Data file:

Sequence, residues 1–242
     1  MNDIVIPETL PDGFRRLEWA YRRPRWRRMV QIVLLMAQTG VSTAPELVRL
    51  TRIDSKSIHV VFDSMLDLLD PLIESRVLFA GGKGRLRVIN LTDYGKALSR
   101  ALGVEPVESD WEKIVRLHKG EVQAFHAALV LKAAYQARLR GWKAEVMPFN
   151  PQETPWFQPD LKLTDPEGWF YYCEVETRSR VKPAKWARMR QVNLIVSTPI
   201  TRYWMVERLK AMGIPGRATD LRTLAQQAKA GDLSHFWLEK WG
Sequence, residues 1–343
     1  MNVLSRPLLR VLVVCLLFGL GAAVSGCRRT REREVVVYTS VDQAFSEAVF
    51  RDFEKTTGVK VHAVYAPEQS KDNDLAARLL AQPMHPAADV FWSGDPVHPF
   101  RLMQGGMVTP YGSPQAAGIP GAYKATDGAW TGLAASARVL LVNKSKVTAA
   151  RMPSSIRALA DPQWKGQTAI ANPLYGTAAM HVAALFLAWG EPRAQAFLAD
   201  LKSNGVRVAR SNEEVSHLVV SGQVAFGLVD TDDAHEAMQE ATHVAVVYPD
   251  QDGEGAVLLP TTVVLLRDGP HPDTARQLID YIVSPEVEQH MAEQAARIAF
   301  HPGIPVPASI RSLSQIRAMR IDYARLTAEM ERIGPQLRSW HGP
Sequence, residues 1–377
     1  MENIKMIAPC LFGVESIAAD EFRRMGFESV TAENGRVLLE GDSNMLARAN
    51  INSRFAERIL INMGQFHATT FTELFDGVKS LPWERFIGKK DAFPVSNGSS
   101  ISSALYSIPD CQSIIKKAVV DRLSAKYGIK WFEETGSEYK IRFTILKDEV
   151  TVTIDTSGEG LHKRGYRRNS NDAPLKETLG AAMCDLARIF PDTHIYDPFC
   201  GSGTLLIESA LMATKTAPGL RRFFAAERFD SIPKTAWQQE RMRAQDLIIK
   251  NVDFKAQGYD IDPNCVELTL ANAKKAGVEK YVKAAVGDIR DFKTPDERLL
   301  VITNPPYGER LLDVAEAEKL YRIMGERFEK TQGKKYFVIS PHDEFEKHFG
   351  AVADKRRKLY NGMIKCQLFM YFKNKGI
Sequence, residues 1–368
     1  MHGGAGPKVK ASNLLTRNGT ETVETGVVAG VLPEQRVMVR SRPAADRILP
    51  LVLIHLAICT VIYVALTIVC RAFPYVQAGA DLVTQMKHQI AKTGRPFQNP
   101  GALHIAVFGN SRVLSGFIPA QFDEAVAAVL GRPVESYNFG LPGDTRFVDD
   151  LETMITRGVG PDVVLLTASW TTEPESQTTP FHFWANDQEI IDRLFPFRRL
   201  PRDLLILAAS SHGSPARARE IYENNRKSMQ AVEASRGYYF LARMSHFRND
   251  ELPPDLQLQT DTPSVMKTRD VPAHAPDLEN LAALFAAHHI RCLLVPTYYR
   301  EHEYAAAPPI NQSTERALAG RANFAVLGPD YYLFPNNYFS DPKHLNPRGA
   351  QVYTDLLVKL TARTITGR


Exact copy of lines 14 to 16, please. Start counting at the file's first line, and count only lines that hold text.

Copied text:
   301  HPGIPVPASI RSLSQIRAMR IDYARLTAEM ERIGPQLRSW HGP
Sequence, residues 1–377
     1  MENIKMIAPC LFGVESIAAD EFRRMGFESV TAENGRVLLE GDSNMLARAN